Blog: The road to nowhere
A couple of months ago I was asked by Hearing Link to find out about roadside assistance, specifically provision by breakdown companies for hard of hearing (HoH) and D/deaf customers.
Let’s be really clear (for those who don’t understand the necessity of having a HoH and D/deaf breakdown service). If, like me, you have a hearing condition and your car breaks down, you may not be able to have a phone conversation to get roadside assistance. If you can’t get help you risk being stranded on the hard shoulder or in the middle of nowhere – a frightening and dangerous situation.
So yes, we need to be able to communicate with our breakdown service quickly and safely. You would think that in this era of text services, apps and the internet, companies would have thought about this and set up the right communication support. But this is not necessarily what I have found.
An internet search resulted in me easily identifying the 10 (so-called) “best roadside assistance providers”. I took a bit of time to explore their websites, looking for information about HoH and D/deaf customers.
Let me be honest … none of the websites presented the information I was looking for in a clear and logical way. I only managed to retrieve something useful due to sheer perseverance and unorthodox usage of their search boxes. After a few hours trawling through cryptic and labyrinthine websites, I managed to identify two companies who said they provided services for people who may struggle with a phone conversation – the RAC and the AA. Both companies seemed to be offering contact via Relay UK, Typetalk and text and, based upon testimonies collected by HoH clubs, this works marvellously well.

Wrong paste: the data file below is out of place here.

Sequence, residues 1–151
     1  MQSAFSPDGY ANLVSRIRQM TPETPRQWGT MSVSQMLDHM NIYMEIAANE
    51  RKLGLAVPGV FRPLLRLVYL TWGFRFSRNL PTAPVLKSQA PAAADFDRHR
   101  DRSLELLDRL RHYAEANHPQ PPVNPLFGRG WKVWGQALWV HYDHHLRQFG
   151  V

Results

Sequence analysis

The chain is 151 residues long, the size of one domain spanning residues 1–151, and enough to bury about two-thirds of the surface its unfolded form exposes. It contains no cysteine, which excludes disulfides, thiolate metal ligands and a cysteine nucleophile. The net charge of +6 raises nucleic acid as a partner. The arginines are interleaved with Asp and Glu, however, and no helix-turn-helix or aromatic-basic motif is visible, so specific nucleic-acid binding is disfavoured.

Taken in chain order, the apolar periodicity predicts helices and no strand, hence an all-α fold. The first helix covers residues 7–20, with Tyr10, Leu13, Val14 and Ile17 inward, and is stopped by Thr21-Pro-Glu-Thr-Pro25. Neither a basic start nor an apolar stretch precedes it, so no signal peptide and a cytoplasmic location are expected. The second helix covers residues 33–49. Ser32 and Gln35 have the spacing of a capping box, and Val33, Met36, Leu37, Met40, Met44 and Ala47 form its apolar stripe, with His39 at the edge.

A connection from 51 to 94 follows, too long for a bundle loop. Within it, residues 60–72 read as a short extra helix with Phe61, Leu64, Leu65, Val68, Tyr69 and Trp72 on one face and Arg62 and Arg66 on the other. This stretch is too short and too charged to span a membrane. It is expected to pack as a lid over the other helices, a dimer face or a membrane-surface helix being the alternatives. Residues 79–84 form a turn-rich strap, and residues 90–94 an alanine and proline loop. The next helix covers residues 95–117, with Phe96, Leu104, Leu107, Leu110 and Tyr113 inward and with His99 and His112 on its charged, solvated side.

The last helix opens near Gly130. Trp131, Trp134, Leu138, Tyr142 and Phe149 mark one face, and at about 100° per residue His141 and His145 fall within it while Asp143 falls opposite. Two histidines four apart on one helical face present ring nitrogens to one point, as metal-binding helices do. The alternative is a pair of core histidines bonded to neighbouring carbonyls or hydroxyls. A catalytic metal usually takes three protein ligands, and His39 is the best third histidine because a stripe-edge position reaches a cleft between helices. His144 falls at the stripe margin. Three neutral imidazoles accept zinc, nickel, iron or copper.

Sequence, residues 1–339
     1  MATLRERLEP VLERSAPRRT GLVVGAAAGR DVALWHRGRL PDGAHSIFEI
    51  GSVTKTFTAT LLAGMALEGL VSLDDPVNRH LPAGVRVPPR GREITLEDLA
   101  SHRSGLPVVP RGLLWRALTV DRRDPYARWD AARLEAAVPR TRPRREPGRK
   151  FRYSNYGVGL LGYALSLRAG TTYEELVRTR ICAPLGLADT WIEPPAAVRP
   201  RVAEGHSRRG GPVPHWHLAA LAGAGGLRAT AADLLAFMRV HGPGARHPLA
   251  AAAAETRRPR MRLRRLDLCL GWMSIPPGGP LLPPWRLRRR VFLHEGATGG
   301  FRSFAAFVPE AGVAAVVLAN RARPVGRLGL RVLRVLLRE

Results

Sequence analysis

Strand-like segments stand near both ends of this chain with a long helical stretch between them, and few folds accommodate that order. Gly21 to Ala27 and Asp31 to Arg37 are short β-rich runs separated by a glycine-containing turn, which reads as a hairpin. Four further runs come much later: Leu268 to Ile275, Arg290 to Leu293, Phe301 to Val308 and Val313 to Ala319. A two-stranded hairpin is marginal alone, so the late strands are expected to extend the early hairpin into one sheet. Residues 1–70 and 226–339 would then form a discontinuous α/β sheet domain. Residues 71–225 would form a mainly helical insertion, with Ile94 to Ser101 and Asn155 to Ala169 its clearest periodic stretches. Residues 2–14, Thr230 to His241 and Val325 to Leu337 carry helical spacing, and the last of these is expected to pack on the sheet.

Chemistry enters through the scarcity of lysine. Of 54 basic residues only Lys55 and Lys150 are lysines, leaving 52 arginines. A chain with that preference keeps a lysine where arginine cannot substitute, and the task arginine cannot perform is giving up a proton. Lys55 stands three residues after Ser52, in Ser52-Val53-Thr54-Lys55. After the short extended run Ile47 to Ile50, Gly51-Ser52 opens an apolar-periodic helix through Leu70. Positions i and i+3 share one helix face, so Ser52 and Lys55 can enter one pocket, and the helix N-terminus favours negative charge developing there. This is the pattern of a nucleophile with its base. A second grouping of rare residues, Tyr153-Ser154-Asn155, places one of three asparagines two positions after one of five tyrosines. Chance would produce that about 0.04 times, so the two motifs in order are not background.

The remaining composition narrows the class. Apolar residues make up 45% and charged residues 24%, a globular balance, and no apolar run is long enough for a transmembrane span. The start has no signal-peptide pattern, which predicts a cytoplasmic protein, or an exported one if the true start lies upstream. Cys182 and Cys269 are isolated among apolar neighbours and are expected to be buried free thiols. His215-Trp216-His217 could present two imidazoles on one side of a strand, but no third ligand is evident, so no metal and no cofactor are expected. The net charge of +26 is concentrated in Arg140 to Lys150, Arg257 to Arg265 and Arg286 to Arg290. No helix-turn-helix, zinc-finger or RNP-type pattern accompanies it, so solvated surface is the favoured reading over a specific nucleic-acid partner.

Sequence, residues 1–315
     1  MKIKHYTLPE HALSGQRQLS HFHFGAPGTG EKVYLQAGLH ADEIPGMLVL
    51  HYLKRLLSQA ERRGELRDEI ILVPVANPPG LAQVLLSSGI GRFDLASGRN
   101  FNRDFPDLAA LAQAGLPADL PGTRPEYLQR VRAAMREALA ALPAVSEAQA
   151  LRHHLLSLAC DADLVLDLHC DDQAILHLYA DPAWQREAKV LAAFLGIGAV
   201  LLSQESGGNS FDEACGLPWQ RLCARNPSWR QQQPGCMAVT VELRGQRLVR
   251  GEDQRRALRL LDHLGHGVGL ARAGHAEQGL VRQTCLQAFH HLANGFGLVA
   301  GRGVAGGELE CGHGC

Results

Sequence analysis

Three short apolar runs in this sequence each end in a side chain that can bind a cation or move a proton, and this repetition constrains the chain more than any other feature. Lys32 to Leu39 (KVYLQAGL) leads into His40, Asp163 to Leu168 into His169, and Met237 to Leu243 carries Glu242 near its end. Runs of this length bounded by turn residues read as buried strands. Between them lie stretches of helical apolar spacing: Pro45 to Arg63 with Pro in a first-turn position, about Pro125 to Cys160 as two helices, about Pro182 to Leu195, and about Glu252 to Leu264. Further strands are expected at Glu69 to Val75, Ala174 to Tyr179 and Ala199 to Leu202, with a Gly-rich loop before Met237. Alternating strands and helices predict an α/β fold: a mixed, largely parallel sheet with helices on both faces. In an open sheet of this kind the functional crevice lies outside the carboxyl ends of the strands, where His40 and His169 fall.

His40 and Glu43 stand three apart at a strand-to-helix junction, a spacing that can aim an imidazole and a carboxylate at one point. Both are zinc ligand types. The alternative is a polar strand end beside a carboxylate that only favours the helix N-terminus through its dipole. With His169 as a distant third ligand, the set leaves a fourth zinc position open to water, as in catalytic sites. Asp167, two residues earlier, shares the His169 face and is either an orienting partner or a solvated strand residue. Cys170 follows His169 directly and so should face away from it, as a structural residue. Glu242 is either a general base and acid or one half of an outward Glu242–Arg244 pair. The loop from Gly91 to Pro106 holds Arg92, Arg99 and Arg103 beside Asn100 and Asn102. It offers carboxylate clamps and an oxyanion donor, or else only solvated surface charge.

As for the eight other companies, I may have learnt a lot about their fidelity points, reward cards, discounts on cross channel trips, et tutti quanti, but about services for HoH and D/deaf persons – nothing! Not even a speckle! Never mind, I thought, I’ll send an email to them and see what they say.
I received two answers. GEM Motoring Assist told me they provide a “dedicated mobile number for texting should assistance to breakdown be required” and a UK relay service and online assistance via their website. Well, why don’t they publicise that on their website I thought? The other reply was a short mail informing me that my request had been passed to the marketing department.
And that’s it. I am still waiting for the marketing service to get in touch, and for the other six companies to reply. They could have at least dignified me with an answer…
All of this has left me feeling frustrated and disappointed. I would like to point out to these companies that one person in six is affected by hearing loss (i.e. 12 million people). You don’t need a degree in business to understand that it makes financial sense for hearing loss friendly companies to engage with us and provide breakdown services that everyone else takes for granted.